Does the Decline of Retail Mean We’re Turning away from Seeking Happiness in Stuff?


I’ve seen a spate of articles in the past month about the declining fortunes of retailers in the U.S. Stores are closing at an unprecedented rate, resulting in thousands of lay-offs and millions of square feet of vacant real estate. Much of the coverage has focused on the plight of retail workers who have lost their jobs and on the problem of empty mall space making additional retail closings more likely. But from another perspective, the closing of stores and retail outlets may hint at a positive trend: perhaps Americans are less interested in spending time shopping, and are instead engaging in more fulfilling activities.

An empty Kmart in Brooklyn, Ohio. Credit: Nicholas Eckhart CC BY-SA-NC 2.0.

True, part of the reason brick-and-mortar stores are closing is that consumers are doing more of their shopping online, and when we do shop in-person, we are shying away from conventional mall retailers and instead seeking discount stores. It is also the case, though, that Americans increasingly perceive the path to satisfaction is through experiences and opportunities to be with friends rather than acquisition of more stuff.

As The Atlantic explains:

“Before the Great Recession, people bought a lot of stuff, like homes, furniture, cars, and clothes, as retail grew dramatically in the 1990s. But something big has changed. Spending on clothes is down—its share of total consumer spending has declined by 20 percent this century.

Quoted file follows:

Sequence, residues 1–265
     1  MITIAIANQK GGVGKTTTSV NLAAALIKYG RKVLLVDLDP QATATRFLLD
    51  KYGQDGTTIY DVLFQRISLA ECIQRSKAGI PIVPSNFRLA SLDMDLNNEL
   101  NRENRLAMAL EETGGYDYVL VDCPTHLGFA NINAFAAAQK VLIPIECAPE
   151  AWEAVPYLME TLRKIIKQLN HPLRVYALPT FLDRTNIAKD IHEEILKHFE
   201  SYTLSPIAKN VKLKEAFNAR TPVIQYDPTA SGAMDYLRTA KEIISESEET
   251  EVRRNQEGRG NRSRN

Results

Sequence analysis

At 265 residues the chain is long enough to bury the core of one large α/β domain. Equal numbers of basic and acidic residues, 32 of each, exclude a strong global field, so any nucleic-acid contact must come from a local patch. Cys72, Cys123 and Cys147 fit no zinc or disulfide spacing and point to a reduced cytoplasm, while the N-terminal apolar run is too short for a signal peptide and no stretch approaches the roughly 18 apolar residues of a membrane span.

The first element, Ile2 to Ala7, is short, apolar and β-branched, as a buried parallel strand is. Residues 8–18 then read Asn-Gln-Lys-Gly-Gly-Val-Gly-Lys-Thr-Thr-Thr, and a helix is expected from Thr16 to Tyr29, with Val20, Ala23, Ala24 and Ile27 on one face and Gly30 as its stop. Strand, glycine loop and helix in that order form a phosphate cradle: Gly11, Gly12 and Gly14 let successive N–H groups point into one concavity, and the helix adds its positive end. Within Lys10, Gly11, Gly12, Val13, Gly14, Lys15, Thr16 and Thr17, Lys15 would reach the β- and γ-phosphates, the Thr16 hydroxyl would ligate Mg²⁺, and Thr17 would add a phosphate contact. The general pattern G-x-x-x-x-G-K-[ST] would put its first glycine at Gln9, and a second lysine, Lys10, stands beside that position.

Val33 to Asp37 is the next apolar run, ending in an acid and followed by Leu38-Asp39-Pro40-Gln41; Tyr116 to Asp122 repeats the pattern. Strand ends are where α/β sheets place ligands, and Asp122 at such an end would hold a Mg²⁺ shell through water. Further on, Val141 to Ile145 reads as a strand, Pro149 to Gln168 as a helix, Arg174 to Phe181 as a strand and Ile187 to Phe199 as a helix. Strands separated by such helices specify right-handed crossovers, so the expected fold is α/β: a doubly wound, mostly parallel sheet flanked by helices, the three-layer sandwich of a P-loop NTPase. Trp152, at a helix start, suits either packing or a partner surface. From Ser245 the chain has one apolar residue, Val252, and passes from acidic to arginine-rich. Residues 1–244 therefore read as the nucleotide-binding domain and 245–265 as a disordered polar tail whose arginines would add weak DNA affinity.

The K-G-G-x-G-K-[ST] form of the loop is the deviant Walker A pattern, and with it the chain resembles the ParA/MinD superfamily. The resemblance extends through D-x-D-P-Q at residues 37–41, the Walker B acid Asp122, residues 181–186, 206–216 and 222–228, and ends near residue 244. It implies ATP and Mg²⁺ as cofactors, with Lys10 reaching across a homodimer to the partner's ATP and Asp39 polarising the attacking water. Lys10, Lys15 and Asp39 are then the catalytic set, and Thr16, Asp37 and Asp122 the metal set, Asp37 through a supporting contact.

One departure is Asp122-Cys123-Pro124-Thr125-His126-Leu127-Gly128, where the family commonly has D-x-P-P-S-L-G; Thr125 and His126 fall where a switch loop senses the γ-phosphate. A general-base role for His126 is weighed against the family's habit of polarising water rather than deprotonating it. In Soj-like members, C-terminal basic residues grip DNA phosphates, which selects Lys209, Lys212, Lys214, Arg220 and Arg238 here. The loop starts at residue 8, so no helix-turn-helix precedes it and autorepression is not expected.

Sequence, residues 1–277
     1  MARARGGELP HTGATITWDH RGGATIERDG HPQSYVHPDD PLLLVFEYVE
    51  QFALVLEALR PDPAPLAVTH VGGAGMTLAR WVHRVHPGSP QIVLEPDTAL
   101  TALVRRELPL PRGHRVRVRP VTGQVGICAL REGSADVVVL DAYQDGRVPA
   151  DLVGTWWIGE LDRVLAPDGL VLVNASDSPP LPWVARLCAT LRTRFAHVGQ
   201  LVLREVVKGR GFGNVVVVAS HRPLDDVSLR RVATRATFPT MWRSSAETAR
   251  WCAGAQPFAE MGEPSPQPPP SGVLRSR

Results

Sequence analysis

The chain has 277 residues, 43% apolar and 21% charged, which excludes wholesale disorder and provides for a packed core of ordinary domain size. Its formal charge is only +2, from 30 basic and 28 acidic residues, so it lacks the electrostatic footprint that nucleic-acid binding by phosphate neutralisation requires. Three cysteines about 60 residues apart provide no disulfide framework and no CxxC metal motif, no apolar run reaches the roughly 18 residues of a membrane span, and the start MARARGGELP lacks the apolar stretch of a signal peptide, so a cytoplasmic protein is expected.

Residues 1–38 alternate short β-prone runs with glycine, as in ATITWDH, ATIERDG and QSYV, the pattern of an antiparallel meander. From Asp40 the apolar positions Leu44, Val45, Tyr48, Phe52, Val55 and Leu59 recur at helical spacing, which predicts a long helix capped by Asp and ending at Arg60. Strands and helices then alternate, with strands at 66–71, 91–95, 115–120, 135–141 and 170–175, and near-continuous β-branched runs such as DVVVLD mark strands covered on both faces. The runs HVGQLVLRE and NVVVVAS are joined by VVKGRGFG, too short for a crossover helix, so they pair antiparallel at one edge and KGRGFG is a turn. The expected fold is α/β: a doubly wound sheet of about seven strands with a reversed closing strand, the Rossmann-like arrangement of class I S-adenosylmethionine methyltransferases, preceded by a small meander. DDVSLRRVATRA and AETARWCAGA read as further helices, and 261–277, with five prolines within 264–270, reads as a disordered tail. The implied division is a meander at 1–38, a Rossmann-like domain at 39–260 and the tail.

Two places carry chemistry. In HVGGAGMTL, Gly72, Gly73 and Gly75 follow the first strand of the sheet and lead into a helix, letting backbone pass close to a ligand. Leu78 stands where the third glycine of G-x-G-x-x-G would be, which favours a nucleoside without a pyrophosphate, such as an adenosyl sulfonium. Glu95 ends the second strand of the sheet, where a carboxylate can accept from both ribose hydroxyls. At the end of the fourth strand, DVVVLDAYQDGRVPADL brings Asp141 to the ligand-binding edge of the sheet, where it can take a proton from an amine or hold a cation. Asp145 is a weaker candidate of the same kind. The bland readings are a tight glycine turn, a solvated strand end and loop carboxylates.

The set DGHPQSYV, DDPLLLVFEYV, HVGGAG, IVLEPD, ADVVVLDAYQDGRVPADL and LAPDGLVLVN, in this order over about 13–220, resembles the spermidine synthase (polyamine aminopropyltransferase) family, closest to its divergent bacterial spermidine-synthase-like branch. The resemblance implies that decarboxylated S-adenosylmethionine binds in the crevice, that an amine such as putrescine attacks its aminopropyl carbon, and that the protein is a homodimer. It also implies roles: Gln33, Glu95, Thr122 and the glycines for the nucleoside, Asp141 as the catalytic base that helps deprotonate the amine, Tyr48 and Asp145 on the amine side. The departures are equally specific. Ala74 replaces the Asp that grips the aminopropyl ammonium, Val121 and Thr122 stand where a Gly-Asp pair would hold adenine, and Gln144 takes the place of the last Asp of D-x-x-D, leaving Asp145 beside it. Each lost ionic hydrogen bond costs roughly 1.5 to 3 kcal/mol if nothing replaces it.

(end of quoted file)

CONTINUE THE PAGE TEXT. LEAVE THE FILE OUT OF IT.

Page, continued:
“What’s up? Travel is booming. Hotel occupancy is booming. Domestic airlines have flown more passengers each year since 2010, and last year U.S. airlines set a record, with 823 million passengers. The rise of restaurants is even more dramatic. Since 2005, sales at “food services and drinking places” have grown twice as fast as all other retail spending. In 2016, for the first time ever, Americans spent more money in restaurants and bars than at grocery stores.”

The U.N.’s 2017 World Happiness Report explains that social factors are more important for predicting people’s level of happiness than are income or expecting a longer healthy lifespan. Knowing that you have friends you can lean on during times of trouble is a key element of happiness. Cultivating and maintaining such friendships requires time and effort, and perhaps the rise in travel and eating out is a reflection that Americans are choosing to invest in social ties instead of new goods.

With consumers shopping online more and seeking experiences rather than goods, it is hard to imagine that retail spaces will refill with new stores any time soon. The challenge will be repurposing that space in ways that will make us happier—as restaurants, as indoor playgrounds, or other uses that support social connections.